A few weeks ago I got a call from a priest in another diocese who asked if I had received an email he had sent a month earlier. I told him I hadn’t and asked what email address he had sent it to. He replied that he didn’t have my email address and had sent the email via our website. I checked through my various email folders and finally found his email in my junk email folder. Unfortunately, I also found about twenty other emails in that folder that needed a response. As a result, I spent an entire morning sending apology emails to those twenty emails that unbeknownst to me had been sent to my junk email folder.
When I checked with our IT person, we discovered that any and all emails that had been sent to me via our website were being blocked and unceremoniously consigned to my junk email folder. Since I don’t know how to block emails, I didn’t have any idea how this could have happened. At this point, the problem has been corrected and I am once again receiving emails that are sent to me via our website. And while I tried to be careful when I went through my junk email folder, I hope I didn't miss an email I should have responded to and ended up offending someone.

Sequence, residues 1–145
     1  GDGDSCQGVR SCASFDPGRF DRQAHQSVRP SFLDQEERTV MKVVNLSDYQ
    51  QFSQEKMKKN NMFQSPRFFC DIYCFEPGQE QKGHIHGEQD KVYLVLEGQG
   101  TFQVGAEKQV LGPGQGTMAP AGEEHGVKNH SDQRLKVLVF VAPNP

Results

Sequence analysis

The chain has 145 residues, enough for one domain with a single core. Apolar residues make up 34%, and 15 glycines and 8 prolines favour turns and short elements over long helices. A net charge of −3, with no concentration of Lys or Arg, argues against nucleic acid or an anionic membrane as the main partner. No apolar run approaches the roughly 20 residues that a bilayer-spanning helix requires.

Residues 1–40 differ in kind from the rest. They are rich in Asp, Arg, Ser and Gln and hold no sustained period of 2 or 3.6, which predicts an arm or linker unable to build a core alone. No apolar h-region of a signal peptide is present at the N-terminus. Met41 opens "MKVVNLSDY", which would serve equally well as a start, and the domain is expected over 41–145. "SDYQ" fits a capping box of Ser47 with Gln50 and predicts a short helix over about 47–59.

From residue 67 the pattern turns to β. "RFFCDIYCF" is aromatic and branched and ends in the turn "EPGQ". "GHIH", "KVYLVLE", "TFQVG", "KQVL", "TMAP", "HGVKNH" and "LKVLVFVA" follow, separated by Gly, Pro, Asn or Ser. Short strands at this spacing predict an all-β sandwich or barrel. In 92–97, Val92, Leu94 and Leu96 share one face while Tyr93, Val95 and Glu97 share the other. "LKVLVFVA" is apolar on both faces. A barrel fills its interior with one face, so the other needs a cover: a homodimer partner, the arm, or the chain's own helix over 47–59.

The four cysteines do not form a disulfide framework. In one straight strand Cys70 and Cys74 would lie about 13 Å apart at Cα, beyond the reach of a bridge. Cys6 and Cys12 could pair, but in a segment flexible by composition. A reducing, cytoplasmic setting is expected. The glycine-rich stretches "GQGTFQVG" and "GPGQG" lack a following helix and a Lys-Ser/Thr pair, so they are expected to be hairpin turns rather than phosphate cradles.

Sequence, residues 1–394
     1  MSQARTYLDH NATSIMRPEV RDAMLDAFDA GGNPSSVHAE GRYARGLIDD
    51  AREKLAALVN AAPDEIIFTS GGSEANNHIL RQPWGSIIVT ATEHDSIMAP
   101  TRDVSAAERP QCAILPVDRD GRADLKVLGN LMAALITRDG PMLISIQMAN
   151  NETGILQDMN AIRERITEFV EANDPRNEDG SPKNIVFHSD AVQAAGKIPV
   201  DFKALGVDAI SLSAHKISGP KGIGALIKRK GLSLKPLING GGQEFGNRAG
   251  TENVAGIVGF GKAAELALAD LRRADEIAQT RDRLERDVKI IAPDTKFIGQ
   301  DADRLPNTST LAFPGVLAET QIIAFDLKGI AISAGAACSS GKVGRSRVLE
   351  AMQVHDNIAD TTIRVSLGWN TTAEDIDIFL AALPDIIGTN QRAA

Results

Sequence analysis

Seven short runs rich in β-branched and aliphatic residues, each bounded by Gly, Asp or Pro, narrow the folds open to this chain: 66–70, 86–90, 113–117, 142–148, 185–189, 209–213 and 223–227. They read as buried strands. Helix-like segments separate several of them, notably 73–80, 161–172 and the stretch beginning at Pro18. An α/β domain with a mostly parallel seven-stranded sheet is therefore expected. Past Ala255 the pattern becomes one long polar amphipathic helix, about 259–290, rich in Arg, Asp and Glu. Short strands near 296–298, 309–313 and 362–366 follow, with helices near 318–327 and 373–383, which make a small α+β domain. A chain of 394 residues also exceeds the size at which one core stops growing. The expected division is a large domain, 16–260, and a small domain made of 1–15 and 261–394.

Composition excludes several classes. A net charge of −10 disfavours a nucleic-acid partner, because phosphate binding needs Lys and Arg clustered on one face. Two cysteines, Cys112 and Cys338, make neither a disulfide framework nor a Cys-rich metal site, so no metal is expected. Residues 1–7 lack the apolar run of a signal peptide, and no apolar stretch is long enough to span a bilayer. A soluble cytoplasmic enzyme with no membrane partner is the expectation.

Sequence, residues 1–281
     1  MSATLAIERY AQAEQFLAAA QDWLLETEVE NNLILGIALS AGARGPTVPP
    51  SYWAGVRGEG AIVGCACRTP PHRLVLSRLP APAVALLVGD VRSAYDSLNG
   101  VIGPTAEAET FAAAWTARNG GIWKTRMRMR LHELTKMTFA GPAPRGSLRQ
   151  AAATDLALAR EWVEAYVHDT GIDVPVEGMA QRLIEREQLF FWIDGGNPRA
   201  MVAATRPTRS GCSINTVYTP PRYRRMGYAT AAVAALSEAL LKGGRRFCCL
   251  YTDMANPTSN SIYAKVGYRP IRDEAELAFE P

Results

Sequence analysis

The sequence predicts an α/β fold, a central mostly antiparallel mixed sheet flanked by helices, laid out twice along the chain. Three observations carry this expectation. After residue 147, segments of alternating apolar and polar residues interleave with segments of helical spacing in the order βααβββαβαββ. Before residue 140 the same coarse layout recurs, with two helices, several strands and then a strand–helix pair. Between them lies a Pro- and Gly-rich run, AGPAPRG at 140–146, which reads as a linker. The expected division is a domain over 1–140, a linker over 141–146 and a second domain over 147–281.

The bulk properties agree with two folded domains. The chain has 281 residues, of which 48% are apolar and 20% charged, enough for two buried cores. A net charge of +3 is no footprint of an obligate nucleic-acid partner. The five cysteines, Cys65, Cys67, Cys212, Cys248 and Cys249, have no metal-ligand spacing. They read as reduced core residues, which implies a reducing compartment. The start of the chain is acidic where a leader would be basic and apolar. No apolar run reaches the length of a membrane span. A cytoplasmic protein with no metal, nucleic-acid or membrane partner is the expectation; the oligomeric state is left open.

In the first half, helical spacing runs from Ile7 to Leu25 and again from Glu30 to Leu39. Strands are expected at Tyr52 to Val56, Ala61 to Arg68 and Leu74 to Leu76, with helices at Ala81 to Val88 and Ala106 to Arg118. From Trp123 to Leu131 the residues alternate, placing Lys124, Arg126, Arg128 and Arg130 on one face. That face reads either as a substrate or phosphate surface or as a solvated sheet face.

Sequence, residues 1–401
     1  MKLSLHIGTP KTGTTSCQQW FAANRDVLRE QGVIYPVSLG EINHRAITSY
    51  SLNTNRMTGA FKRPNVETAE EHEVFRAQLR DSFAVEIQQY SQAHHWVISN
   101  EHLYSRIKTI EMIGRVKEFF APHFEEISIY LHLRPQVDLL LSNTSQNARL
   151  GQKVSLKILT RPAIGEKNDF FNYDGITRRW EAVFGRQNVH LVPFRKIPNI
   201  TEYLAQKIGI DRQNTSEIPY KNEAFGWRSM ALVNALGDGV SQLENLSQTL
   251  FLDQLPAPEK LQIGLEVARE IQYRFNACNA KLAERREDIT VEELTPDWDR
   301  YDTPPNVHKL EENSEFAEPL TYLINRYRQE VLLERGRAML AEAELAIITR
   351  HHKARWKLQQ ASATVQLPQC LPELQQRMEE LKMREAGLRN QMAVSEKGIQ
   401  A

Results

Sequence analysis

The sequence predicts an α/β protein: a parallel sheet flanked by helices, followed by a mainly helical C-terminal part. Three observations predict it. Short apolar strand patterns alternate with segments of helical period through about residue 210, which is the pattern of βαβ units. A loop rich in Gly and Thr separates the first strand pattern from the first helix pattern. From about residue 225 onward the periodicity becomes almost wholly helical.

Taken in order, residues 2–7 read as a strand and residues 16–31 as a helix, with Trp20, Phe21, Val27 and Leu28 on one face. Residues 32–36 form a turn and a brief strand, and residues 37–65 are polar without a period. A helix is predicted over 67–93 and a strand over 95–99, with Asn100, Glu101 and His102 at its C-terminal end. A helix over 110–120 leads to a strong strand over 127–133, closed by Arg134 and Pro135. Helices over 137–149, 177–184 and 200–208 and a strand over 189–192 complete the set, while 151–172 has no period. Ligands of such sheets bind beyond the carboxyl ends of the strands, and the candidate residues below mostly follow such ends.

As I reflected on this situation, it occurred to me that at times we may be aware when something is blocking our communication efforts. On the other hand, there may be other times when we are completely unaware that something is blocking them. I think this is probably especially true in regard to God’s attempts to share God’s love with us. Our faith tells us that God is constantly revealing God’s love to us and offering us God’s grace. At times, though, because of our sins, we may not be open to God’s love and grace. In effect and in fact, our sins block us from being open to God.
The above is exacerbated by the fact that, while there are times when we are aware that we are estranged from or at a distance from God, there are times when our sins have put us at a distance from God, and as a result we are unaware that the grace and love our God wants to offer us is being blocked. This is the corrosive and numbing effect of sin. It can block God’s grace without our being aware that this is happening.
Fortunately, while Christians didn’t invent sin, we do believe that in Jesus Christ we have found the remedy for sin. In chapter 15 of Luke’s Gospel, we find the parable of the lost sheep and the parable of the lost coin. Both of these parables remind us that when we are lost—even and perhaps especially when we don’t know we are lost—Jesus seeks us out. And he is not satisfied and won’t stop looking until he finds us.
Sin can block the love and grace God wants to offer us. But in and through Jesus Christ we know and believe that this situation is usually temporary. Because of Jesus Christ, there is nothing—save the hardness of our own hearts—that can block God’s love. Of this we can be sure and because of this we will be saved.